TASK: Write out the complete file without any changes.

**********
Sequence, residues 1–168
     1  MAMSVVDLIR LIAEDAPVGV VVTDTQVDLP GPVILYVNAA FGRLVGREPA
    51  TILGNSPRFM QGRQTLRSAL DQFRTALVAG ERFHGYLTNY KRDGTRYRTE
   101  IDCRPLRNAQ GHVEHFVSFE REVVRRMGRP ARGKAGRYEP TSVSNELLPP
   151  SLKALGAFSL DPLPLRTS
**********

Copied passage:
Sequence, residues 1–168
     1  MAMSVVDLIR LIAEDAPVGV VVTDTQVDLP GPVILYVNAA FGRLVGREPA
    51  TILGNSPRFM QGRQTLRSAL DQFRTALVAG ERFHGYLTNY KRDGTRYRTE
   101  IDCRPLRNAQ GHVEHFVSFE REVVRRMGRP ARGKAGRYEP TSVSNELLPP
   151  SLKALGAFSL DPLPLRTS